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Acrobat Plugins

Volume Number: 16 (2000)
Issue Number: 6
Column Tag: Programming Techniques

How to Write Plug-Ins for Adobe Acrobat

by Kas Thomas

The Acrobat SDK provides a bewilderingly diverse assortment of tools for manipulating PDF files

Adobe's Portable Document Format (PDF) is the premier electronic document format for "rich content" on the web, not just because of its ability to convey the appearance attributes of a paper document (which it is very good at, since the underlying technology is Postscript-based) but also because of its annotation features, hyperlink embedding, support for form widgets (and JavaScript), Unicode compatibility, security (encryption) handlers, and accessibility features. (PDF is also evolving to become more adept at encapsulating document metastructure and private data types.) Access to all these types of functionality is available to creators of PDF documents via Adobe Acrobat, the commercial version of Reader. Unlike Reader, the full Acrobat product (street price: $200 or so) lets you mark up a PDF document in various ways, add links and form fields, attach JavaScript to documents, etc. — and save the modified PDF file to a storage device.

Most of the kinds of functionality you'd ever want to see in a PDF file can be added using Acrobat or created in the source file at the time of the document's creation (via MS Word, FrameMaker, or whatever). But in the PDF world, as in the world of Photoshop, Quark, After Effects, etc., there are times when the functionality you need just isn't available from the host application. In such a situation, it makes sense to consider a plug-in.

As with its other flagship products, Adobe has incorporated a plug-in architecture into Acrobat to enable third-party developers to extend the functionality of the core product. Quite a few of the key features of Acrobat (features most users think of as being "core functionality") are, in fact, implemented in the form of plug-ins. For example, form-editing and form-fillout functions are done as plug-ins. Acrobat also uses plug-ins to implement weblinks, annotations, text touchup, Quicktime movie attachments, scanning ("paper capture"), image-import, and quite a few other functions. (Check the plug-ins folder of your Acrobat installation.)

Extending Acrobat's capabilities via custom plug-ins is a powerful (and popular) way to give users extra control over PDF documents. But this capability comes at a cost. Learning to use the Acrobat plug-in API (one of Adobe's most complex APIs) can be a formidable challenge. There are well over 1,000 functions in the Acrobat API; just finding the ones you need to carry out a specific task can be daunting. Suffice it to say, this is one API you won't learn in a weekend.

Because of the sheer enormity of the API, there is no way I can give you more than a very abbreviated introduction to Acrobat plug-ins in the limited space available here. What I can do is briefly outline the available tools, talk about a few of the most common idioms of Acrobat programming, and point you toward resources for further study. In addition, just so you won't think writing an Acrobat plug-in is totally beyond reach, we'll walk through the code for a small plug-in designed to do something at least vaguely useful: namely, add a text-based "watermark" to a page, in response to a menu command.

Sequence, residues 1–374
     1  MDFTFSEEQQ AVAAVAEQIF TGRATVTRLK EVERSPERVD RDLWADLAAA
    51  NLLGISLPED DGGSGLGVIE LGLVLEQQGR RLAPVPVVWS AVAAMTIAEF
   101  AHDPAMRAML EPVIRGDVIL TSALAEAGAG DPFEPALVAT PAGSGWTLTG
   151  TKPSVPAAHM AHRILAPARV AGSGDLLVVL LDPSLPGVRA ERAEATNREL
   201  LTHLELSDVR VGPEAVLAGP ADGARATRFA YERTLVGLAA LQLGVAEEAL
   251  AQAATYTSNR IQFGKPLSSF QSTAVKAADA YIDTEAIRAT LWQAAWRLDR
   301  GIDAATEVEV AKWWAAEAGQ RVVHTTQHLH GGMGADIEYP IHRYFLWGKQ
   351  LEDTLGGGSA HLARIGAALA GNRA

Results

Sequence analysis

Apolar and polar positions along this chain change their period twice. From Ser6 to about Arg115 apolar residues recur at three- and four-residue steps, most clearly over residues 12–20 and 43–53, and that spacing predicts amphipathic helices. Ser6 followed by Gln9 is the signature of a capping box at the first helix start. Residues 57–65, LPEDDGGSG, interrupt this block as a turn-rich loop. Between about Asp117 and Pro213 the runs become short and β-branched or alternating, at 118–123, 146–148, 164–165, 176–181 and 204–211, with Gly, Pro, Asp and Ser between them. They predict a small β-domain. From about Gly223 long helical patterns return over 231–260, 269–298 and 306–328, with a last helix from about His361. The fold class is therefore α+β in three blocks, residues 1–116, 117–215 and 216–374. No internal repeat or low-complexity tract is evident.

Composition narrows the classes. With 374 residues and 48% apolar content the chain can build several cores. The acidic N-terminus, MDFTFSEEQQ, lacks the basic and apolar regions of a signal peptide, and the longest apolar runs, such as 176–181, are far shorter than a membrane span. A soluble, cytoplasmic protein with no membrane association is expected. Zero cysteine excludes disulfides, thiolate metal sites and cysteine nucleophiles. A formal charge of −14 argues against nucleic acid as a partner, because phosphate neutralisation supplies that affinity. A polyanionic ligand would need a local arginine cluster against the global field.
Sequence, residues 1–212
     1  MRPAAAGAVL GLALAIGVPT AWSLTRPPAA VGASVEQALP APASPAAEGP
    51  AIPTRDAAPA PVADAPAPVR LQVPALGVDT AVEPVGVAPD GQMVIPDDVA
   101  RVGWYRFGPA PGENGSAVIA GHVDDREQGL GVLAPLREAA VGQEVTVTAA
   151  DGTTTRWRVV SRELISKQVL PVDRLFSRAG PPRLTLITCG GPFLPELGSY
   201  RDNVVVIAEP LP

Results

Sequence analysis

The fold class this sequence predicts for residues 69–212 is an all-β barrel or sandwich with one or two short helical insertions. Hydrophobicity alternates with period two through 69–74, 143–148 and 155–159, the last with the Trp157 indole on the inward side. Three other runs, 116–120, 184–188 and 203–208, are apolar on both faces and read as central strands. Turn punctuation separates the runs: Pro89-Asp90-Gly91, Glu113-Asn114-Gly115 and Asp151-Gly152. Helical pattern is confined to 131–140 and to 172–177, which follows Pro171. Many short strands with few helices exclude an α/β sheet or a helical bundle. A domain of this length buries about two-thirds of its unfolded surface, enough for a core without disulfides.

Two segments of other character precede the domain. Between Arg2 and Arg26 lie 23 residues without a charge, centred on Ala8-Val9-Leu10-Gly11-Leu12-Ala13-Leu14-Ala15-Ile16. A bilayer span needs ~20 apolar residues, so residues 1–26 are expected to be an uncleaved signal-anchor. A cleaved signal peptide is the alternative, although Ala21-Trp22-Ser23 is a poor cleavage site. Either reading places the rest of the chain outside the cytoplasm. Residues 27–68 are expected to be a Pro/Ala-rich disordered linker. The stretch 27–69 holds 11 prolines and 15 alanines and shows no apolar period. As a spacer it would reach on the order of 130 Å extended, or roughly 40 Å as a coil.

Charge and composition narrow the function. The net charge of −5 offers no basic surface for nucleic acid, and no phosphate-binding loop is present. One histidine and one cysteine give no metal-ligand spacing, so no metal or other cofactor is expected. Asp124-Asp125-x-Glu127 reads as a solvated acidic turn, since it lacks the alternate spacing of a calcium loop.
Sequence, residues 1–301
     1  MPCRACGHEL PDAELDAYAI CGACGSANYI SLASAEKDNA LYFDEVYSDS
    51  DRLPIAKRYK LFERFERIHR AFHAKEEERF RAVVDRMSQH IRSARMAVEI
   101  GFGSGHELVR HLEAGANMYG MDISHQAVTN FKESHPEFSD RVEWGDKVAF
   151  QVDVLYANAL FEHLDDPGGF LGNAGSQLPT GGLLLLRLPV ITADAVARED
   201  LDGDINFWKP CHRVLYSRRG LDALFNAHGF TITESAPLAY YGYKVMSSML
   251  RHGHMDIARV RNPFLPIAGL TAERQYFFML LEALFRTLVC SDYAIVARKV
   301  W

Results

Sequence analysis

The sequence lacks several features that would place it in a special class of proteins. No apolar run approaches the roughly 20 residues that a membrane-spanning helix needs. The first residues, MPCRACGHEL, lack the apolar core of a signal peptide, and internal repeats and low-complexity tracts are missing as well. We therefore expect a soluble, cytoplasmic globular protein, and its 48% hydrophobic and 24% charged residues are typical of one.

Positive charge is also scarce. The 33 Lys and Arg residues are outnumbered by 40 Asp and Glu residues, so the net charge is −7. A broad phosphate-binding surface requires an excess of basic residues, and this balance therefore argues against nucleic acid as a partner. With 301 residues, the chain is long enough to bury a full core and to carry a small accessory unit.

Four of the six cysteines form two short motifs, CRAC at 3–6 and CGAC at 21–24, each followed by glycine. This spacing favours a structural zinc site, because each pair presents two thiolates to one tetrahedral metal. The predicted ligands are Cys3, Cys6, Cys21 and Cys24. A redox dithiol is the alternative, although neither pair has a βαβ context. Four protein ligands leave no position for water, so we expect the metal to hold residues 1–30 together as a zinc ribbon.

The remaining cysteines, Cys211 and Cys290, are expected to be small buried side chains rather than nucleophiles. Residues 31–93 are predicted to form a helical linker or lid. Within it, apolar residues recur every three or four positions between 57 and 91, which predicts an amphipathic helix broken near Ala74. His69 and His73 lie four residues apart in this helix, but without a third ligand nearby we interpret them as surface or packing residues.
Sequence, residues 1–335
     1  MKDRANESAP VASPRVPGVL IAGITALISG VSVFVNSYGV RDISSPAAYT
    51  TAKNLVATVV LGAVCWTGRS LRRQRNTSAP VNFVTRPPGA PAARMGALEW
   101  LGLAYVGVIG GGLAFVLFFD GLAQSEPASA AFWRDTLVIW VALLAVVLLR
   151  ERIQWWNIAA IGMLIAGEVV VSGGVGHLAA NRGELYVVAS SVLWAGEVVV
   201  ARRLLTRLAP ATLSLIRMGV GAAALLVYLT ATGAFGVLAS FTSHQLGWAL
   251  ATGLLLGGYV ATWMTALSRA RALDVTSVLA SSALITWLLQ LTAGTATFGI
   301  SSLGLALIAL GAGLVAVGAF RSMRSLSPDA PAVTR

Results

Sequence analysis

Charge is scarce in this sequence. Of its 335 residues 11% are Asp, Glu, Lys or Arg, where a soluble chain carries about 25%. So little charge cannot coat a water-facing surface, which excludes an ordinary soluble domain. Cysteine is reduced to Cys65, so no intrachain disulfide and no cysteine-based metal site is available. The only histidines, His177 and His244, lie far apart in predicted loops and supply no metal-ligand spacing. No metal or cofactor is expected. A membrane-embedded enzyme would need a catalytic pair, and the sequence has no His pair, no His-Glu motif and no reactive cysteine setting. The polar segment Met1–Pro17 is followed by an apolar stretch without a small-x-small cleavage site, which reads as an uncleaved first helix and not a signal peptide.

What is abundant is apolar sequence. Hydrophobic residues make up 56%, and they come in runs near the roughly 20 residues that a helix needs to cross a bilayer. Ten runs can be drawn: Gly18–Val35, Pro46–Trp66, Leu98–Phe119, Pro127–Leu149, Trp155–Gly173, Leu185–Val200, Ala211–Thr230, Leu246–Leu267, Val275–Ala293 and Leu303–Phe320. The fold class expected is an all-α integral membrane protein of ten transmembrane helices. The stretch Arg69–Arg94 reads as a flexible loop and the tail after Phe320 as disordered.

Getting Started with the SDK

You can download a copy of the Acrobat software developer's kit (SDK) from The SDK is also available on CD-ROM to members of the Adobe Solutions Network Developer Program. (See for details.) The complete SDK requires over 30 megabytes of disk space, including 27 megs for documentation alone. Example code comes in the form of Code Warrior projects for two dozen sample plug-ins and a handful of AppleScripts showing how to control Acrobat via IAC (Inter-Application Communication). The code is well-packaged, thoroughly commented, and well-summarized in a separate docfile, Samples.pdf, which gives a brief overview of what each example is meant to demonstrate.

The documentation that accompanies the SDK is so overwhelming that Adobe thoughtfully includes a "Start Here" document as well as a flowchart-style roadmap diagram in which every box is a clickable link taking you to the appropriate docfile. The roadmap occurs at the top of nearly every docfile in the package, which is a nice touch. Just by clicking on various portions of the roadmap, you can jump from doc to doc. Of course, all the docs are PDF files with navigation bookmarks.

The 213-page Acrobat Core API Overview (Tech Note No. 5190) is a good document to start with, since it serves as a kind of giant FAQ for developers, explaining how the various components of the API work together. But the two most important docfiles in the package — the two you'll spend the most time with — are The PDF Reference Manual and the Acrobat Core API Reference. The 513-page PDF Reference Manual, also known as the PDF Specification, contains the formal language specification for PDF. It spells out all the keywords, data types, architectural schemas, and syntax constructs that make a PDF file a PDF file. Just as it would be hard to write a Netscape browser plug-in without understanding how HTTP and HTML work, it's inconceivable that you would write an Acrobat plug-in without knowing a fair amount about the low-level organization of PDF files. The PDF Reference Manual gives you this information. Plan on spending many hours reading it.